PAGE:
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This week Libya's prime minister and the a rival opposition leader agreed to hold nationwide elections in the war-torn country. A previous election attempt was delayed as territorial disputes and instability were allowing groups like ISIS to take advantage of the power vacuum. Christopher Livesay reported from inside Libya in October, 2018 with funding from the Pulitzer Center.
This week the head of the Libyan government and the country's opposition military leader met and agreed to hold nationwide elections in the politically torn country. A previous attempt at an election had been delayed as territorial disputes and instability across regions were allowing groups like ISIS to take advantage of the disarray.
PBS NewsHour Weekend Special Correspondent Christopher Livesay and videographer Alessandro Pavone reported on that instability back in October and the power vacuum that ISIS was trying to fill.
Their reporting was supported in part with funding from the Pulitzer Center.
The city of Sirte. Once the crowning jewel of the Islamic State in Libya. It was part of 150 miles of ISIS-controlled coastline from 2015 to the end of 2016. Today, the city has been reduced to rubble, first in an offensive against ISIS led by Libyan security forces in 2016, then by nearly 500 precision airstrikes from the United States. Bombing largely ceased last year. Large swaths of town remain abandoned. The government has yet to clear hundreds of corpses beneath the rubble for fear of mines and unexploded ordnance. Because of that, the air is still thick with the stench of rotting bodies. Colonel Ibrahim Bin Rabaa is the commander of Libyan counter-terrorism forces in Sirte.
Colonel Ibrahim Bin Rabaa:
My son volunteered to fight ISIS and protect Sirte. ISIS killed him. He was 24 years old.
The six-month offensive eventually wiped out an estimated 2,500 ISIS combatants. But Bin Rabaa tells us sleeper cells still lurk, especially in Sirte's desert. Though it no longer controls any territory, the spike in violence has been sharp. In 2017, ISIS managed to pull off only four attacks. So far this year, it's more than a dozen. The most audacious was in May when ISIS gunmen stormed Libya's election commission headquarters in Tripoli, detonated suicide vests, and killed at least 16 civilians.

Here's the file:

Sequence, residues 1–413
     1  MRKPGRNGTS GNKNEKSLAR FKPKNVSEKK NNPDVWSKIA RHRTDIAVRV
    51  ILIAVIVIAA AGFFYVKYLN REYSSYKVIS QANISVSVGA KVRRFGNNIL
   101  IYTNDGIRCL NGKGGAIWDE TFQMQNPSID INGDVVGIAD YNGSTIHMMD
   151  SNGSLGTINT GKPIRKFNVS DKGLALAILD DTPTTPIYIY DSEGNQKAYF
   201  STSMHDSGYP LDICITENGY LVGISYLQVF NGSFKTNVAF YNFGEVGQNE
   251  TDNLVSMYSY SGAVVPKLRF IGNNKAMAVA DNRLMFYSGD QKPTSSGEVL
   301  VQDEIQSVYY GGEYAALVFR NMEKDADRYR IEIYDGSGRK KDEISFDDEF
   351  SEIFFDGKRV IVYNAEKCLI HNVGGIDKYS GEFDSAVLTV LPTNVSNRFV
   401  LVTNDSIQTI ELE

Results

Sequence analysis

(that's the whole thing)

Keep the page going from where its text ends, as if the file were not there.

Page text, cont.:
So ISIS is in this direction, they're regrouping in the desert, here in the south?
At anytime they can come in one or two people and blow themselves up. We rely on shepherds to tell us if there are any ISIS fighters passing through their pastures.
So far this year in Libya there have already been more than twice the number of ISIS attacks. Is ISIS trying to regroup in order to launch attacks abroad outside of Libya as well?
Right now they lack the ability to control any major territory in Libya. But they are doing their best to regroup and mount attacks again. Our men have proven themselves in this war with the Islamic State. But we ask and we hope for help from other countries. We cannot eradicate ISIS on our own.
That's largely because ISIS isn't Libya's only problem. The country has been reeling since 2011, the year of the NATO-backed overthrow of Libyan strongman Muammar Gaddafi. By 2014, a full-blown civil war was underway. Today, the oil-rich country remains divided. A UN-backed government in the West sits in Tripoli, with jurisdiction stretching down to Sirte. A rival administration rules the East and in between, numerous well-armed militias, governed only by themselves. For its part, the US continues to support the government in Tripoli with airstrikes against ISIS. But that only offers short-term solutions, according to the UN Special Envoy to Libya, Ghassan Salame.
This can produce an effect, but it's a very limited effect. It's an effect on, by killing one particular leader, or one particular chief of a band or something like that. But the real solution to terrorism in Libya is to rebuild a strong, unified, legitimate state. There is no other alternative to that.
Both governments have agreed to general elections at the end of this year, a vote that would elect a unity president and parliament. At this checkpoint in Sirte, unity seems a long way off. Troop morale is low.
We've gone a year without getting paid. We fought and died saving this city from ISIS. The government in Tripoli needs to respect that.
And take this border crossing, between Libya's rival governments in the East and West. The colonel says it's become a critical weak link for ISIS to exploit.
There are more than 500 yards of no-man's land between these two gates, where neither government has direct control. ISIS is using that area to take shelter, resupply, and attempt to infiltrate the city.